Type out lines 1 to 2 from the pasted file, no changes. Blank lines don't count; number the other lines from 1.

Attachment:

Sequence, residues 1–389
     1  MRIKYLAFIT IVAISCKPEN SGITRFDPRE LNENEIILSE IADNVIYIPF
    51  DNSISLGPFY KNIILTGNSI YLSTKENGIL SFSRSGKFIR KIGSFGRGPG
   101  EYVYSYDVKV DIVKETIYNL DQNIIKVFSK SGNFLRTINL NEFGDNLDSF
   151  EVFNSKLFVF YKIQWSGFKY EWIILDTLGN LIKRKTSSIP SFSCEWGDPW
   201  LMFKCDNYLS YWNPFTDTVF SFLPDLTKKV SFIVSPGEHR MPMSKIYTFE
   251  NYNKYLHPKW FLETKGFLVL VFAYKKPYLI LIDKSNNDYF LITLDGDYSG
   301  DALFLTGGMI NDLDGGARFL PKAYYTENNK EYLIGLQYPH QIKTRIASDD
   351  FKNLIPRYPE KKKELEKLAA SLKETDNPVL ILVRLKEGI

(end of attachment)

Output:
Sequence, residues 1–389
     1  MRIKYLAFIT IVAISCKPEN SGITRFDPRE LNENEIILSE IADNVIYIPF